3:17 AM  
Blogger Falstaff said...

TM: Fair enough. I neither know enough about the 'standard' rural dialect used in Hindi movies (I watch too few of them) nor about the dialects actually spoken in UP (I've never lived there) to comment. For what it's worth, to my admittedly undiscerning ear the dialect in Omkara sounded significantly different from the usual 'rural' dialect that gets used in Hindi movies. How linguistically accurate the difference is I can't say though. (frankly, I found the dialect fairly annoying. I'm all for realism, earthy or otherwise, but if you are going to use copious amounts of dialect, you could at least provide subtitles with the english translation, so one could follow what was being said).

At any rate, saying that dialect in Omkara is an inaccurate representation of the dialect commonly spoken in Western UP is a fundamentally different criticism from saying they've simply inserted coarse expressions to convey rusticity - which is what your post was originally saying.

8:23 PM  
Blogger Szerelem said...

i finally saw it!
i dont think the earthy realism comes from the abuses and swear words that are used in the film. In fact after a while you do get immune to them (atleast i did).
Also, agree with what Falstaff has said in his first post.Large chunks of the dialogue were beyond my comprehension.
COming back to what you said though, its true that Bhardwaj hasn't used a rural UP dialect. The customs, traditions etc in the movie suggest its set in Eastern UP - western Bihar, where Bhojpuri (which itself has dialects!) is mainly spoken. The dialect in the film is nothing like it, it seemed to me to be more Rajasthani frankly.
I dont think many people would have understood anything at all if Bhardwaj had chosen to go with chaste Bhojpuri. I guess Bhardwaj wanted the realism but didnt want the audiences to be completely clueless. *shrugs*

9:20 PM  
Blogger Sudha said...

agree that film dialogue is overly sanitized. i think its more becoz parents don't want their kids to hear stuff like that.
and then again, save for a couple here and there, when have (bollywood) films largely and properly represented life?

Linked to your post "fair and ugly" on my blog.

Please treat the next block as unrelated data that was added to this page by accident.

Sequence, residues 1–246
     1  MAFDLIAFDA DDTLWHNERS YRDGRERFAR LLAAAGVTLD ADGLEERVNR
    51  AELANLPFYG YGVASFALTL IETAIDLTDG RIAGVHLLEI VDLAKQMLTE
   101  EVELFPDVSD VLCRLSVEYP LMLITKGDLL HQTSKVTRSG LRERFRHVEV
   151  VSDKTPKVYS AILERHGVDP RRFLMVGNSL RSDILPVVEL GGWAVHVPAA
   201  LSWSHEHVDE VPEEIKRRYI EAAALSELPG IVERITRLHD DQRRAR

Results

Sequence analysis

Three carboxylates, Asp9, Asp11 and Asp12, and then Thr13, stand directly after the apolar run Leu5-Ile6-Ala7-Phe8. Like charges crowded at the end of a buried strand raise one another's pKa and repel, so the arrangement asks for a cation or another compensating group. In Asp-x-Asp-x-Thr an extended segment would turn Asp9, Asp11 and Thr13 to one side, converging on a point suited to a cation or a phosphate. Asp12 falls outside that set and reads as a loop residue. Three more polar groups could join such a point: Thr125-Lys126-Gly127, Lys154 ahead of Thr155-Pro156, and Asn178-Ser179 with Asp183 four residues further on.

12:57 AM  
Anonymous Anonymous said...

Cussing has undoubtedly been taken to new hieghts in the movie (in comparison to other mainstream Bollywood movies) and though it may seem unnecessary to some, I think that what they eventually imply once put together and the insinuations they provide is of more significance than the fact that they've been used at all!

11:14 PM  
Blogger Rimi said...

This really is a pointless comment, as I chiefly wanted to say thank you, people pooh-poohed me when I tried to say the same. And then whatever I had to say about the dialect has been said by Uncle J(AP) and answered as well.

But I must say I was surprised at the attention the expletives received, because they're hardly in profusion. Misplaced focus, if you ask me. Watch the movie quick and tell me if you agree!

12:26 PM  
Blogger thalassa_mikra said...

Jhantu, I respectfully disagree. The dialects of Hindi spoken in central UP (Awadh), norther UP which is now Uttaranchal (Kumaon, Pithoragarh, etc.), Eastern UP (Banaras, Ballia, etc.) are some of the most beautiful sounding accents. Ditto for Bihar, where Bhojpuri, Maithili and Sadri are all very sweet dialects.

Please do explain how you decided upon your generalizations regarding Hindi spoken in UP and Bihar.

K, great explanation! Folks like Mr. Mehta are funny, their hearts bleeds with liberal kindness for the underdog, and yet they shun any association with the plebian masses. Reminds me of the classic Amitabh song, "Hum dua bhi den to lage hai gaali, aapka kya hoga janab-e-aali"

AB, Essar is a lovable gandu, isn't she (oops, gotta get outa here pronto)

Falstaff, the dialect question was raised by one of the commenters, it wasn't the focus of my original piece.

Szerelem, but chaste Bhojpuri, or anything mimicking what is spoken in Eastern UP-Western Bihar would have been a much softer, refined dialect. The most beautiful Hindi I've ever heard was in Banaras and Allahabad (and the best Urdu in Lucknow, sigh!)

Sudha, thanks!

7:41 PM  
Blogger Wild Reeds said...

Dear Thalassa,
Fascinating, how stereotypes become a shorthand for a certain community or genre. Butchness and lesbianism is one such combination that comes to mind, in both Bolly- and Holly-wood. In fact even assertiveness on a woman's part, outside her accepted paradigm, is seen as somehow "queerifying".
Superb post!

2:54 AM  
Blogger Szerelem said...

you're right. perhaps that why Bhardwaj didn't use Bhojpuri - it would sound more poetic and he probably wanted a more rustic tone.
i love awadhi, its absolutely lyrical.

10:57 PM  
Blogger Rahul Ghosh said...

There's a strange kind of concensus terrorism prevalent in India these days.

Hindi is 'cool' thanks to a mish-mash of reasons that range from the Rise of the Great Indian Small Town and their Burgeoning Buying Power to the coolness of Bollywood!

It is now cool for A-listers in Bollywood to act in 'rustic' roles. Advertising is being created in Hindi to reach out to the masses as opposed to being translated from English.

What people forget is 'Hindi' is a language that is spoken in UP, Bihar, MP and Rajasthan. Hence if one thinks of broadbasing a brand or a film's appeal, he loses out on the South (with its four strong languages), East, Maharashtra, Gujarat and Punjab, each of which have very strong local lingua franca.

Contrary to the trends of Indian politics, UP is not India. The Hindi belt is only a belt.

And at some level it is a kind of Hindi colonization that pop-culture is perpetrating by identifying Hindi as the 'voice of the masses'.

1:00 AM  
Blogger Arthur Quiller Couch said...

Say what you will, I loved the film from the opening line. Maybe it went downhill from there.
Have you seen it yet?

9:16 PM  
Anonymous as said...